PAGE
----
The Ocean at the End of the Lane
by Neil Gaiman
Release Date: June 18, 2013
Sussex, England. A middle-aged man returns to his childhood home to attend a funeral. Although the house he lived in is long gone, he is drawn to the farm at the end of the road, where, when he was seven, he encountered a most remarkable girl, Lettie Hempstock, and her mother and grandmother. He hasn’t thought of Lettie in decades, and yet as he sits by the pond (a pond that she’d claimed was an ocean) behind the ramshackle old farmhouse, the unremembered past comes flooding back. And it is a past too strange, too frightening, too dangerous to have happened to anyone, let alone a small boy.
Forty years earlier, a man committed suicide in a stolen car at this farm at the end of the road. Like a fuse on a firework, his death lit a touchpaper and resonated in unimaginable ways. The darkness was unleashed, something scary and thoroughly incomprehensible to a little boy. And Lettie—magical, comforting, wise beyond her years—promised to protect him, no matter what.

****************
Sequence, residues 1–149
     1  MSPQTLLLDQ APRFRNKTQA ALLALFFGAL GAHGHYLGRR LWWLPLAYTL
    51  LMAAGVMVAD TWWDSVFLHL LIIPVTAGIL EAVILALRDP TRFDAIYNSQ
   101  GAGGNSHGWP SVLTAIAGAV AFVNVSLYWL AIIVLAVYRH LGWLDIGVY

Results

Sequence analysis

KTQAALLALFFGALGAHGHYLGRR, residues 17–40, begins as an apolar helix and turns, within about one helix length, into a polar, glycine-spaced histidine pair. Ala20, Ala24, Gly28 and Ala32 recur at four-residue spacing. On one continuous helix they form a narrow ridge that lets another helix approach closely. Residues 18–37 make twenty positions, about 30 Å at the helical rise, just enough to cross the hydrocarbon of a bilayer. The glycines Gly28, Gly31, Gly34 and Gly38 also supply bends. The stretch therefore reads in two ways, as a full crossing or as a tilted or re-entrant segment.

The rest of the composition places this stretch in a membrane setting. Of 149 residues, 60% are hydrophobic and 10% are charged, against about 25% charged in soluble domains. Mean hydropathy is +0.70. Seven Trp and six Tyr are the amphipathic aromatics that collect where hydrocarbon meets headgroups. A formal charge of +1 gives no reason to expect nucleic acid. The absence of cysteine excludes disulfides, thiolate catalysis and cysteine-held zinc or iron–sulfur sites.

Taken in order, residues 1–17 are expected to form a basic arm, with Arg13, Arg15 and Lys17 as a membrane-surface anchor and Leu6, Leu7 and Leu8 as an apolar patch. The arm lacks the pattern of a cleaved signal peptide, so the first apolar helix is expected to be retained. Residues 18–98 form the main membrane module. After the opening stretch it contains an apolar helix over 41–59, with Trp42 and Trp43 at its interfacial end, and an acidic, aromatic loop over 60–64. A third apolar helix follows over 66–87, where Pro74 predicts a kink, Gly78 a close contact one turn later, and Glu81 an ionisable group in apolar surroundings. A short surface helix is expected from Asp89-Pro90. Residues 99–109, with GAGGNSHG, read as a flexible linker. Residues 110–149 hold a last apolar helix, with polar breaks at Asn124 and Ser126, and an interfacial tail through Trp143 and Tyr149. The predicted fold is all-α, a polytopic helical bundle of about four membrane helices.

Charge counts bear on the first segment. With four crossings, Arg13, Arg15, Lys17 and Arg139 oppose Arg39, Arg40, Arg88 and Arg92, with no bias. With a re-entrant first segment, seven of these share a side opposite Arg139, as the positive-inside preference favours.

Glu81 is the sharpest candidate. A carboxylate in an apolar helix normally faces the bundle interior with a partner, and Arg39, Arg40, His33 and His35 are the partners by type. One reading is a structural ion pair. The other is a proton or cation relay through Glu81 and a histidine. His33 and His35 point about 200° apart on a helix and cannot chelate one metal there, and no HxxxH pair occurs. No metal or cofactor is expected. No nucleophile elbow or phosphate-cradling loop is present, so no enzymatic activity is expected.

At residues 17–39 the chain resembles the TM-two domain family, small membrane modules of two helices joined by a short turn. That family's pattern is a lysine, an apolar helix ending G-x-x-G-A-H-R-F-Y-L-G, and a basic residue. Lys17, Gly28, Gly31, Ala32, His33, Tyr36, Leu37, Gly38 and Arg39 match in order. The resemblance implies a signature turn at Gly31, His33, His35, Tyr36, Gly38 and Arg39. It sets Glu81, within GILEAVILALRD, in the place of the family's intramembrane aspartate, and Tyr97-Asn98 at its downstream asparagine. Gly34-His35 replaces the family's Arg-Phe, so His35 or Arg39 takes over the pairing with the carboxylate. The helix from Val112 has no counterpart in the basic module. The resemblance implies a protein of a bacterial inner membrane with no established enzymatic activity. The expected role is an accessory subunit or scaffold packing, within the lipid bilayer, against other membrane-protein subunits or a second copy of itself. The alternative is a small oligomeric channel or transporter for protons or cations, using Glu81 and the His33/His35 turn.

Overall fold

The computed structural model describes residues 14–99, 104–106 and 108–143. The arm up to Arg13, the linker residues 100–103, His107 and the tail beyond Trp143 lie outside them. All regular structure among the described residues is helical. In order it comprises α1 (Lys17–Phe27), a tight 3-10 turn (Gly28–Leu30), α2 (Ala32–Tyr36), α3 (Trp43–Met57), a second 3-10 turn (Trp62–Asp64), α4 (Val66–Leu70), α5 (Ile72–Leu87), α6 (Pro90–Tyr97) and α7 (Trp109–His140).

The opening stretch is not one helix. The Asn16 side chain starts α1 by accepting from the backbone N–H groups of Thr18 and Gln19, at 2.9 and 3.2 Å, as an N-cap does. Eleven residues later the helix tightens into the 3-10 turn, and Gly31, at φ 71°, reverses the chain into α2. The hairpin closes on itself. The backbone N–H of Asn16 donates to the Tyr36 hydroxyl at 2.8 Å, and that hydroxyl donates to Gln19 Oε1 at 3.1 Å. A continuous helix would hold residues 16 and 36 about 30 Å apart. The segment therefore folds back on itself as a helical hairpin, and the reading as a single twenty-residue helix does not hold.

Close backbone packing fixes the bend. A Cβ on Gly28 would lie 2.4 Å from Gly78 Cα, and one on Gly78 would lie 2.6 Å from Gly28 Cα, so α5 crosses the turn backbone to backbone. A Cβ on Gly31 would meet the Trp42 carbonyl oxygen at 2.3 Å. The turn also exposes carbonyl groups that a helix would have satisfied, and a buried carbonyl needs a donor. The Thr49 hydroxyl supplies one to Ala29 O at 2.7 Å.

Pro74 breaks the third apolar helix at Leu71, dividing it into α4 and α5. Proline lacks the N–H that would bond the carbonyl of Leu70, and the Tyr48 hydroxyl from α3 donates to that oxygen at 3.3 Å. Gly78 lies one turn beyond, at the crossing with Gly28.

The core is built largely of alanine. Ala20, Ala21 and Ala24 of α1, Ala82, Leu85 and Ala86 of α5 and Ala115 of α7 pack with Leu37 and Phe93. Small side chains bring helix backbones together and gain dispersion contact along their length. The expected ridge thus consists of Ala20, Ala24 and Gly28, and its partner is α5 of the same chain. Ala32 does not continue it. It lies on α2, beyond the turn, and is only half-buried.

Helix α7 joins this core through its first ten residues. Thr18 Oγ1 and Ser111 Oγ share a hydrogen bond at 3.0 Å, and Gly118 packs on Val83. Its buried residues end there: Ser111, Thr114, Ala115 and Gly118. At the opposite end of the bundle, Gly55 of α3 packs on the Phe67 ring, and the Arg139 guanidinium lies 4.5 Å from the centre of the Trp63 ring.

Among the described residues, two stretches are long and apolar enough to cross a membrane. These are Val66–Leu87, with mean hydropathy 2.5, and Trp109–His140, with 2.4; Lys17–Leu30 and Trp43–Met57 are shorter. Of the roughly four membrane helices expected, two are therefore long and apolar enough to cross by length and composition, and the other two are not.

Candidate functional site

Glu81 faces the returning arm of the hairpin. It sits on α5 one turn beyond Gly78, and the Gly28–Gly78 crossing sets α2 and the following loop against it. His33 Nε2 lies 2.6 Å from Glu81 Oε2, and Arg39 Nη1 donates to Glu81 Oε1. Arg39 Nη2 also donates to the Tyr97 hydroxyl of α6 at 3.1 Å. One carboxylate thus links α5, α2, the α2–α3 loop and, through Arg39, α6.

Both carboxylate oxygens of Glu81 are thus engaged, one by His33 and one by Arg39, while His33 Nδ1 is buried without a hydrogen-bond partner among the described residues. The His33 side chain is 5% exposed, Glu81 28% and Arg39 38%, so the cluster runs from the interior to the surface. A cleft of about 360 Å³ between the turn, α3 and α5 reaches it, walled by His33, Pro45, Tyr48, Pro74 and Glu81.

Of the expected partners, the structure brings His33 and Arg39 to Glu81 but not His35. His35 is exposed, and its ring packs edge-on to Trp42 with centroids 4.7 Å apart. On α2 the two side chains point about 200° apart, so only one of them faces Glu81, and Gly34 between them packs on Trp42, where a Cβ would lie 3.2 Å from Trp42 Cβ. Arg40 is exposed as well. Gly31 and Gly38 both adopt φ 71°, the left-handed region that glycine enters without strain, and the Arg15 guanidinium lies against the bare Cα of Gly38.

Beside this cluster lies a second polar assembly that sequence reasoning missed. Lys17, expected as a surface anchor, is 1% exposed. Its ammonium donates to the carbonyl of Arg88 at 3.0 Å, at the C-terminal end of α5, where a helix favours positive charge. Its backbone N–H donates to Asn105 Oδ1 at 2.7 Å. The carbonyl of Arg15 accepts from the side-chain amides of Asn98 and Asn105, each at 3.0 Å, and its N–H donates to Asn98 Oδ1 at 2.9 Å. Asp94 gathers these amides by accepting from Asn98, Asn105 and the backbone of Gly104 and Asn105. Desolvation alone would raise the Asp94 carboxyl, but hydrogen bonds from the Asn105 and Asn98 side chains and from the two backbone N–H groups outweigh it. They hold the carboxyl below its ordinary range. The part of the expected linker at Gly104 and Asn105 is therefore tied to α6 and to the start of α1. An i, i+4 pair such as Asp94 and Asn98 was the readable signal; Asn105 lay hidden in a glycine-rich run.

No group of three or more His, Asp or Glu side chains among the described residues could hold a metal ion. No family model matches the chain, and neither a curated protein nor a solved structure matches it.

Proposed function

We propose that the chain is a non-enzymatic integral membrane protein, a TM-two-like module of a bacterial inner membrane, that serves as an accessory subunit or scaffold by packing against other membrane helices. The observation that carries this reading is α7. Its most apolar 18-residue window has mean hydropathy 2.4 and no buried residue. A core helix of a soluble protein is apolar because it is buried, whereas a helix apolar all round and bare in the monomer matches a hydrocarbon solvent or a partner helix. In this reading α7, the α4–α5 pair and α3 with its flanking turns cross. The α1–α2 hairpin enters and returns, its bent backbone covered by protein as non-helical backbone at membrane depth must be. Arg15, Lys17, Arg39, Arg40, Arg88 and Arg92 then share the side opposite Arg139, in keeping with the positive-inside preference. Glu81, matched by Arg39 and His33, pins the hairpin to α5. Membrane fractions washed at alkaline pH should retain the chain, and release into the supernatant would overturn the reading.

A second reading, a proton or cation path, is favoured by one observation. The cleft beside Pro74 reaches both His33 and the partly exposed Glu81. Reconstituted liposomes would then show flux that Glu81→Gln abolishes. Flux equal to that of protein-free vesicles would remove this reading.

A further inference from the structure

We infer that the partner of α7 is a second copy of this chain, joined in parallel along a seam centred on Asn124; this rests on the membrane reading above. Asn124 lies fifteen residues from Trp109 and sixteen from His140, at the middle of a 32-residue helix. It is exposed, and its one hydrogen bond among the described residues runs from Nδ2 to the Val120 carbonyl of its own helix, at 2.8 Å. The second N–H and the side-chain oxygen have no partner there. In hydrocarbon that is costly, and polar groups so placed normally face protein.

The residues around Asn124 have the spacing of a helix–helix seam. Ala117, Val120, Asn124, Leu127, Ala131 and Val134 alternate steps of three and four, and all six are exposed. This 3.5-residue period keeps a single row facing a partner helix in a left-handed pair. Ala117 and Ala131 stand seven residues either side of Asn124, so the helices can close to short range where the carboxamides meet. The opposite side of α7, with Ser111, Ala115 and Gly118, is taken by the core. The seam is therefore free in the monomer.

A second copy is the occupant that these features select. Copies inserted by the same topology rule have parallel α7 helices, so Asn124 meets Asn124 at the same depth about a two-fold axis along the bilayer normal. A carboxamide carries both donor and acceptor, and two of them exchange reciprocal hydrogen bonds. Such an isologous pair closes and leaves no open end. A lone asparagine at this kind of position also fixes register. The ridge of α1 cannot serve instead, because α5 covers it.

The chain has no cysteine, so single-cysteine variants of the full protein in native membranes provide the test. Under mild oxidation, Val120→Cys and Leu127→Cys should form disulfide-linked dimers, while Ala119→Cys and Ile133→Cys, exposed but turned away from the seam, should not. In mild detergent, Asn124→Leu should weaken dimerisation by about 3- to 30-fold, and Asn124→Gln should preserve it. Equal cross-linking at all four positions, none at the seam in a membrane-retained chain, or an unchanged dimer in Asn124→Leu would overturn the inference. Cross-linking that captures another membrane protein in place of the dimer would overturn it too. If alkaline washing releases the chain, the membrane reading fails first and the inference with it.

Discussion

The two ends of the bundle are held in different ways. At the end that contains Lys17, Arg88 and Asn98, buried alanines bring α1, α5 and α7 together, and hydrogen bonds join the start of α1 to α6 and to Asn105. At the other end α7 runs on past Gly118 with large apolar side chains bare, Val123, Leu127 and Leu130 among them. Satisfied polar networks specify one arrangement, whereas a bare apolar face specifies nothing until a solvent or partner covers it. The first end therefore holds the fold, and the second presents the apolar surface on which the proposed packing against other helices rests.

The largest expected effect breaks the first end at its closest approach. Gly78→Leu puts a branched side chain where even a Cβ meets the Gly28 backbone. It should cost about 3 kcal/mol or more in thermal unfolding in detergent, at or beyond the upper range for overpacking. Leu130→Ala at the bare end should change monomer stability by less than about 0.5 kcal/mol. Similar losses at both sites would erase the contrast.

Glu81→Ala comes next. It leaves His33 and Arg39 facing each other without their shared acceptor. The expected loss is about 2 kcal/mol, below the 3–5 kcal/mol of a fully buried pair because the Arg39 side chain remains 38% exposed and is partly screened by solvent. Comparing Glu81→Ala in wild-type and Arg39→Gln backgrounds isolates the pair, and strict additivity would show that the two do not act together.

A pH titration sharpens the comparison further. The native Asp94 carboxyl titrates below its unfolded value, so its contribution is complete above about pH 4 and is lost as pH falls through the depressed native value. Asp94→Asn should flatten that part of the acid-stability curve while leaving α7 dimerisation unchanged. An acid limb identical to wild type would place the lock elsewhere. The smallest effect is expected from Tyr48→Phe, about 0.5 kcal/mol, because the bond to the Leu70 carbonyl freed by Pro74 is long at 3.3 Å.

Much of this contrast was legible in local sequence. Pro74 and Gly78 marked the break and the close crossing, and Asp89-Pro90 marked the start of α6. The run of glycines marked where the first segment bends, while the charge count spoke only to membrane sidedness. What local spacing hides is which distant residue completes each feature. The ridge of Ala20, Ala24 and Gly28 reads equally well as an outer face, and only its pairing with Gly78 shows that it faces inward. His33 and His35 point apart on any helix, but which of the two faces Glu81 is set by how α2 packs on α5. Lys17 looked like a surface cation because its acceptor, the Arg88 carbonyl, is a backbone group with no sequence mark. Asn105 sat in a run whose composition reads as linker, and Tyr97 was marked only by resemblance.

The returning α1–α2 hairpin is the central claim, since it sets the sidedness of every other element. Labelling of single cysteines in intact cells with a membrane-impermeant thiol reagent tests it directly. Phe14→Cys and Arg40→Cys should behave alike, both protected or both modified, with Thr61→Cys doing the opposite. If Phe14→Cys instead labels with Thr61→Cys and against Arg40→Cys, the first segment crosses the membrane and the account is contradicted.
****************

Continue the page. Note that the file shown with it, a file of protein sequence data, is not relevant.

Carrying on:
A groundbreaking work from a master, The Ocean at the End of the Lane is told with a rare understanding of all that makes us human, and shows the power of stories to reveal and shelter us from the darkness inside and out. It is a stirring, terrifying, and elegiac fable as delicate as a butterfly’s wing and as menacing as a knife in the dark.
Why I abandoned it: I stopped reading at 39%. Wow. Horror is just not for me. I can’t handle graphic and disturbing. I was invested in the story and the writing was good so I went to wiki and read the plot summary to see how things work out. In short, things do not work out. It’s horror. That’s how it goes. I’m glad I tried it. Horror is one of the only genres I list as one I won’t read and it feels nice to have that confirmed. The fact that I hated it says that this was excellent horror for any horror fans out there.